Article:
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Breeder - Frequently Asked Questions

1. I would like to find a breeder in my area. Can CFA help me do that?

An excellent way to find a breeder is to visit a CFA show. That's the best way to find a breeder for your particular breed since you can meet the breeders in person and see their cats. Go to: or to find a show near you.

CFA also has the CAT BREEDER REFERRAL SERVICE. Please use our search engine to locate a breeder in your area.

Note: Pricing on kittens is up to each individual breeder and may vary depending upon the quality of the kitten, its bloodlines, its color, markings or other qualities.

2. How do I know a breeder is “reputable”?

CFA cannot endorse or recommend a specific breeder. Below are some guidelines which may help you determine if your chosen breeder is the "right" breeder for you.

  • The responsible breeder is willing to take the time to talk with the prospective purchaser and share information about the breed, both before and after the purchase.
  • The responsible breeder will likewise interview the prospective purchaser to determine the kind of home the kitten or cat will have.
  • The responsible breeder will not sell kittens before they are 12-14 weeks of age and have been vaccinated. Some pet quality kittens will already be neutered or spayed; others will be contractually required to be altered by a certain age.
  • The responsible breeder will provide a health guarantee in writing.

It is advisable to visit the breeder’s home and to see the sire and dam of the kittens and when possible, the other cats in the cattery. By observing the prospective kitten in its environment, it may be easier to judge the relative health and cleanliness of conditions in which the kittens were raised. However, when purchasing a kitten from a breeder in another state, or at a cat show, this home visit may not be possible. Additionally, many breeders - especially those who live alone -- fear becoming a crime victim, and are reluctant to allow any strangers into their home.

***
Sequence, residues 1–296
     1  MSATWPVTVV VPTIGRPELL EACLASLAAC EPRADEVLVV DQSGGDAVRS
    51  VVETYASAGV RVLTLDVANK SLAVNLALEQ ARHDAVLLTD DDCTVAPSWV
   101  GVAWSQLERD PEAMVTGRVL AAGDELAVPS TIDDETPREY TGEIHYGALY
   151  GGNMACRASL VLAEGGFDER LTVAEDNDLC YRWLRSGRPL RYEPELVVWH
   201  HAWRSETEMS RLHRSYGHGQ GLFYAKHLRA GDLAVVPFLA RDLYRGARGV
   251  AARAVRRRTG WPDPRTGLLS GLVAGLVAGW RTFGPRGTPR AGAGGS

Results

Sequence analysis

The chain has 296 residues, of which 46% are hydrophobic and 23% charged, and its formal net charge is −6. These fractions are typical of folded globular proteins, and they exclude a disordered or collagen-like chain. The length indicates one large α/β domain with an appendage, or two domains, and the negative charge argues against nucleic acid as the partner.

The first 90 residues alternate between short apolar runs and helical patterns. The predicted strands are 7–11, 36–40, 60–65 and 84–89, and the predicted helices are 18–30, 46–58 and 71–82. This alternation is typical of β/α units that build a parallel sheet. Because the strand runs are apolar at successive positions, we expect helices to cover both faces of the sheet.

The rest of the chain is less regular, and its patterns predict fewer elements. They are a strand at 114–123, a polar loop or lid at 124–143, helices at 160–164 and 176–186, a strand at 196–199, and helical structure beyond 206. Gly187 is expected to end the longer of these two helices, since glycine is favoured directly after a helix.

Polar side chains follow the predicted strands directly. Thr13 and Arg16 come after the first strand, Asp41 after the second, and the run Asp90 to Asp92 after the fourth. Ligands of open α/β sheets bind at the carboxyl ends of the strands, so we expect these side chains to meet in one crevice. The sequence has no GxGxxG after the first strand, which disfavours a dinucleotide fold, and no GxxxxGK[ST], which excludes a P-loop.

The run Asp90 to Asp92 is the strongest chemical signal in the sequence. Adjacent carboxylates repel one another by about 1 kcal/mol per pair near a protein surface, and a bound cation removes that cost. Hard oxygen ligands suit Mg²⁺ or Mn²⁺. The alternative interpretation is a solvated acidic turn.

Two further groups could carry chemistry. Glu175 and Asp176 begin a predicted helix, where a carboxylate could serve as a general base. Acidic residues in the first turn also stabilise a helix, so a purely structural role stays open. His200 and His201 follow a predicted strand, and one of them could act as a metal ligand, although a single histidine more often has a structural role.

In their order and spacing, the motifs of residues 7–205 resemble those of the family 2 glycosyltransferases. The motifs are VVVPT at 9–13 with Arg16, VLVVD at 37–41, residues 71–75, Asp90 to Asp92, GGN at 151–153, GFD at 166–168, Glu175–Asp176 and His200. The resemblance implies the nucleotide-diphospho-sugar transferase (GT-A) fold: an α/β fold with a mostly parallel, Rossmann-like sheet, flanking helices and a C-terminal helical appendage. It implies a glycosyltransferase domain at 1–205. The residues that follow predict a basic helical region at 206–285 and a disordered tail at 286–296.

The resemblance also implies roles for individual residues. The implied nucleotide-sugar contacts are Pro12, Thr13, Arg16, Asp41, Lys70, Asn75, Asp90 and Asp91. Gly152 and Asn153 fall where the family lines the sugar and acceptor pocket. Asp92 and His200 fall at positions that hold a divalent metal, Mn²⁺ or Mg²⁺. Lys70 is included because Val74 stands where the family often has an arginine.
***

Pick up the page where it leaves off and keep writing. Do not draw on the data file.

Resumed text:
There are also restrictive breeding laws and pet number limit laws in jurisdictions across the country which can make even the most responsible breeder less likely to allow strangers into the home. In any case, when a home visit is not possible, you can ask the breeder for references from people who have previously purchased kittens or can ask permission to discuss the breeder's cats with his or her veterinarian. Most of all, you should be comfortable in your dealings with a breeder.

3. Why is the Bengal not included in your list of breeds?

CFA does not recognize the Bengal as a breed and has not been approached by a group of Bengal breeders to do so. Currently, CFA has the following policy in effect. This policy would make it difficult for CFA to accept the Bengal as a breed at this time:
The Cat Fanciers' Association, Inc., does not encourage or promote the breeding of non-domestic (wild) cats of any species to any domesticated cats. Furthermore, The Cat Fanciers' Association, Inc. will not consider for registration the offspring of such a breeding.

4. Where can I find breed rescue groups?

Many of CFA's breeders have banded together and provide rescue for pedigreed cats when it becomes necessary to do so. You can find a listing of rescue groups at: While a group may not be in your immediate area, please contact them anyways as breeders have a very wide network of communication and may be able to put you in touch with someone local who can assist.

5. The kitten I just purchased is sick. The breeder won’t help me. How can I file a complaint?

CFA's procedure to review a protest regarding the sale of a sick cat by a CFA breeder, requires that the person who is directly involved complete and SIGN the CFA Protest Form. The name/address of the party you are citing must be included in the complaint.

** How "Sick Cat" Complaints are Handled:
Your complaint is assigned a docket number and copied to the breeder named in the complaint along with an attached letter from CFA requesting that s/he submits his/her comments relative to this complaint and encourages the breeder to come to some type of settlement or agreement with you.

Your complaint, along with any response received, is reviewed by the Protest Committee Chairperson and stays on file for CFA so that a closer look may be given to a breeder whose name repeatedly shows up in complaints. You will only be notified if your complaint is to receive any action beyond our letter to the breeder.

You may also call CFA’s Central office with a request to send you a CFA Protest Form.

Completed and signed protest forms can be scanned and emailed to

The protest form must be signed and all documents must be readable.

Protest forms can also be mailed to:
The Cat Fanciers' Association, Inc.
Attention: Protest Committee
260 East Main Street
Alliance, OH 44601